How a Penny Became a Thousand Pounds
Robert Kemp Philp (1856)
I found that butlers, stewards, and waiters grew rich upon perquisites; that guards became coach-proprietors upon their fees; that servant-maids got married upon kitchen-stuff, and that gentlemen’s grooms became cab-proprietors upon stable refuse.
A Penny, has, under proper management, great powers of reproduction, — that the skill with which its applications and exchanges are directed, may be called the science of its cultivation; that society is the soil in which it takes root; and that incessant changes, and the ever-varying wants and desires of society are the atmosphere and the rain by which the Penny is sustained and multiplied.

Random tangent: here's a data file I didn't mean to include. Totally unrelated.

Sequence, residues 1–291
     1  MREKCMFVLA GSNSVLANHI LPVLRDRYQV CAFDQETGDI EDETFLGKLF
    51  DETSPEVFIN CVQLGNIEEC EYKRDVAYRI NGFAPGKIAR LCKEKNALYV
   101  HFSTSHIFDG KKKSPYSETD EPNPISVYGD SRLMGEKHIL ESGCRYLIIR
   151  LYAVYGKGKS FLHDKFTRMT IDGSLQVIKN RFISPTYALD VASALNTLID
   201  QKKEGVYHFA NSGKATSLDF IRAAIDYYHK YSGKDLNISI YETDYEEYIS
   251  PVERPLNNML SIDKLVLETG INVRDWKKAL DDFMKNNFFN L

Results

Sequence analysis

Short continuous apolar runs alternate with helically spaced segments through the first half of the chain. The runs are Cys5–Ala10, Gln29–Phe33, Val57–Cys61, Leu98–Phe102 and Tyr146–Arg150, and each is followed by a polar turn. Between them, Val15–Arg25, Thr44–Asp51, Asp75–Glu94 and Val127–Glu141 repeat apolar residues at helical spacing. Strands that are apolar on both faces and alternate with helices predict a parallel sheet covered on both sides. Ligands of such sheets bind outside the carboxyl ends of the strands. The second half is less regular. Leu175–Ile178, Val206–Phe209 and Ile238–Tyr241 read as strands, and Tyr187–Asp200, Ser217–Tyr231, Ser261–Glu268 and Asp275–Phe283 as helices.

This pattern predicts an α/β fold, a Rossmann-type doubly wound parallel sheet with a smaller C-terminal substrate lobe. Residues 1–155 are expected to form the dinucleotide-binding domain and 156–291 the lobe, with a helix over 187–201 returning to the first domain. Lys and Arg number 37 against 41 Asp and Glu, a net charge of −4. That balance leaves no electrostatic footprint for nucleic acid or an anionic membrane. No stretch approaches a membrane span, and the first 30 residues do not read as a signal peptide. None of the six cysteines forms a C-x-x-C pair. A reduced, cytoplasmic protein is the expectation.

Remembering this, and seeing, as we now do, what can be done for a Penny, do we not attach greater importance than we have hitherto done, to the growth of Pennies?
A Penny may reproduce itself in an hour, or in a day; or many times in a day.
The world itself is but an aggregation of atoms. The voice of nature says “Keep moving.”
(Like old ways with Pennies? See A Fortune in Pennies).